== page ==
MONTREAL – Canadian motorists should expect even lower prices at the pump in the coming weeks as a glut in the global supply of crude is expected to push retail gasoline prices to a two-year low.
Gasoline prices have plunged 23 cents per litre since the end of June as Brent crude, the international benchmark, has fallen nearly 20 per cent to US$85 per barrel from US$106.
READ MORE: Why gas prices are falling across Canada
The price of West Texas Intermediate crude, the U.S. benchmark, has also been in sharp decline, with the November contract down a further $3.90 to US$81.84 a barrel on Tuesday.
The average retail gasoline price across Canada was about 1.23 per litre Tuesday, down from just under $1.43 on June 25, according to Roger McKnight, an analyst with En-Pro International.
Edmonton had the lowest price at $1.11 a litre on Tuesday, while Sherbrooke, Que., was highest at $1.34.
McKnight anticipates prices falling further, perhaps even later this week.
“I could see it (crude) going down another $6 a barrel for WTI and that would translate in to another three cents per litre (at the pumps) within the next 30 days,” he said.
Prices are falling as Middle East oil producers have launched a price war by increasing production to preserve their market share in the face of increased output of U.S. shale oil and higher Canadian oilsands production.
With U.S. oil imports falling amid the highest domestic production since 1965, the Organization of Petroleum Exporting Countries is chasing customers in Asia and Europe in a move to block exports of U.S. shale oil, McKnight said in an interview.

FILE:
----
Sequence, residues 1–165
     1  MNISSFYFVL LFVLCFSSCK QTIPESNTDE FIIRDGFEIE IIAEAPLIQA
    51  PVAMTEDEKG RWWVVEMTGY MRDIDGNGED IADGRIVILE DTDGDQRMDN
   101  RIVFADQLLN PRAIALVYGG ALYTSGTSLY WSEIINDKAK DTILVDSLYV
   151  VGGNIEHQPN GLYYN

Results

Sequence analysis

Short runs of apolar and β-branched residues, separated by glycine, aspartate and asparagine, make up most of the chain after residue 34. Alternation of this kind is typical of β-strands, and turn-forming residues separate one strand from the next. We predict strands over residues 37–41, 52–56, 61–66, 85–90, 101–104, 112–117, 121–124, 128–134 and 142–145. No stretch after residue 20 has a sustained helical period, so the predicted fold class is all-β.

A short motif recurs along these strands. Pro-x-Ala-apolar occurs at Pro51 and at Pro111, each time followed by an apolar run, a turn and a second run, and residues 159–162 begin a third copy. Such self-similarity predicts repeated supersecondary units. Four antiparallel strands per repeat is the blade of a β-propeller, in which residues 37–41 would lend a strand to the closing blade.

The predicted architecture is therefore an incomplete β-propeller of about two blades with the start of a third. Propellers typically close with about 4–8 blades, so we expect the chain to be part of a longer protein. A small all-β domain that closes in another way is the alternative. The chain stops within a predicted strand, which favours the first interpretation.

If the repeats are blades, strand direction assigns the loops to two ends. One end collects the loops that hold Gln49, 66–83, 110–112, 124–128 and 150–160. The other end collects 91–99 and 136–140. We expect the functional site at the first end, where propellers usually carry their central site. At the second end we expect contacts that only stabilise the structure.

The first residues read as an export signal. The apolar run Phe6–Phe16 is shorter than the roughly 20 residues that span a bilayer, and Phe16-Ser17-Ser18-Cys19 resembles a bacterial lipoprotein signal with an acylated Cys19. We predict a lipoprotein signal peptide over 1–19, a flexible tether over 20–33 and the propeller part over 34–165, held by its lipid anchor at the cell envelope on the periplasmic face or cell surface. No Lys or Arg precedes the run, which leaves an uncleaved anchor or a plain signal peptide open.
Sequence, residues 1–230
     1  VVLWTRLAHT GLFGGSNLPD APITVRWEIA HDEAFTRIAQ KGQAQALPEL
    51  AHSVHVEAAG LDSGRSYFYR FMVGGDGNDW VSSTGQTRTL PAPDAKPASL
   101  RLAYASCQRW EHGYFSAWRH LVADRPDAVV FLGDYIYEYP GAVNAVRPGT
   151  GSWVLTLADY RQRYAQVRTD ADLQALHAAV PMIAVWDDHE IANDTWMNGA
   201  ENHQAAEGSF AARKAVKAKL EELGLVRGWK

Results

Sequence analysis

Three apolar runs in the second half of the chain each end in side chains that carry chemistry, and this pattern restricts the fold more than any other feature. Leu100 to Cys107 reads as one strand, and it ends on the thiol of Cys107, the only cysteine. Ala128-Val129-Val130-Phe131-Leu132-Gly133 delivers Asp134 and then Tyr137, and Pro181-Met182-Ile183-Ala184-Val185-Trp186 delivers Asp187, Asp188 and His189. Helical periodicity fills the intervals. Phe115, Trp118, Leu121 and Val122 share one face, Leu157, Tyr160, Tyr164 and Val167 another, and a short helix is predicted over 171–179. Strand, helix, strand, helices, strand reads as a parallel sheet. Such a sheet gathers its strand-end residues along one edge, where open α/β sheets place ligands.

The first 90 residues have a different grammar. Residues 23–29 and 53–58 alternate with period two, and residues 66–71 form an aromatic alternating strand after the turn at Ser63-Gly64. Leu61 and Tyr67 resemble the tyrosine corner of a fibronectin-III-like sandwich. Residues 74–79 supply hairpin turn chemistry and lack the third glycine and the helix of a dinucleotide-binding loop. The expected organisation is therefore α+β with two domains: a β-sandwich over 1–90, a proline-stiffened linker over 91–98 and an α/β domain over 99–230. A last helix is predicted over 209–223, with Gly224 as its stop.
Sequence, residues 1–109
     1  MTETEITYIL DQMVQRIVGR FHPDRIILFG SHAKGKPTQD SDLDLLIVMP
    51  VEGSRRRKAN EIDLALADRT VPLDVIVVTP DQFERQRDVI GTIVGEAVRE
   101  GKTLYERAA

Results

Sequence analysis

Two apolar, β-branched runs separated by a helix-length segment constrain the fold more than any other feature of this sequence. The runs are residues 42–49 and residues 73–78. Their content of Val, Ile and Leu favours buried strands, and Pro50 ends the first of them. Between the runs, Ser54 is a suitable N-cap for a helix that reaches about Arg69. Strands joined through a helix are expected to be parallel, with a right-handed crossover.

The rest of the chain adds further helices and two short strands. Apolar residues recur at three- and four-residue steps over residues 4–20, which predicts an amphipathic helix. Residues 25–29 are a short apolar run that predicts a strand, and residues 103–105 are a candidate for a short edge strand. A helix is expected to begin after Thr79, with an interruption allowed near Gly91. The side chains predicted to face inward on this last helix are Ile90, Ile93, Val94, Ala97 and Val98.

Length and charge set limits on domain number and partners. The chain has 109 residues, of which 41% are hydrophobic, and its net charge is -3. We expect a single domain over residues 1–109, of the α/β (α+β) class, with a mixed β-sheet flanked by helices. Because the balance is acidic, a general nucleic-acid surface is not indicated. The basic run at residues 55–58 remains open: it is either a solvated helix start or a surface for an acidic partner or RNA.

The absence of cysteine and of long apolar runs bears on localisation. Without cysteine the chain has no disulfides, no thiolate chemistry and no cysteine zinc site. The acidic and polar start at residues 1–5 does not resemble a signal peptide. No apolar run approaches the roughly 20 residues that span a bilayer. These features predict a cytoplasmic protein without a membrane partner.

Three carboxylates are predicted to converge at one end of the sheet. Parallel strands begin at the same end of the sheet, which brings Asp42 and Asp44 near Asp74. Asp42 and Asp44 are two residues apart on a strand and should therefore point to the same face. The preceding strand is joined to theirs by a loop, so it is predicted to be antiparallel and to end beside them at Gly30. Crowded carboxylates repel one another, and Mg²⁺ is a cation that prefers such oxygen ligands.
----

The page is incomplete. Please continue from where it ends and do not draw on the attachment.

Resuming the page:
Crude is trading at below cost so any further decreases makes new shale oil production unfeasible, he added.
“You may actually have to shut some down and it makes the oilsands very precarious indeed.”
WATCH: Gas prices are dropping. Tamara Forlanski reports from Winnipeg.
Energy-market watcher Dan McTeague said the low gasoline prices are good for Canadian consumers and businesses, but hurt the oil industry, government tax revenues and the Canadian economy.
“I think it’s very bad news for Canada as a whole,” he said.
McTeague said he doesn’t foresee the situation changing much until there is a fundamental shift in supply.
“Right now demand is slackening and supply is in surplus territory.”
The former Liberal MP said gasoline prices would be even lower if the Canadian dollar were stronger. In addition to the price war, oil prices have come down as money managers who were largely responsible for driving up prices walk away from long positions, he added.
“It does mean that between now and at least Christmas Canadians will continue to have something they haven’t’ had since before 2006 and that’s prices that reflect supply and demand, rather than premiums being based on innuendo and rumour by financial speculators.”
© 2014 The Canadian Press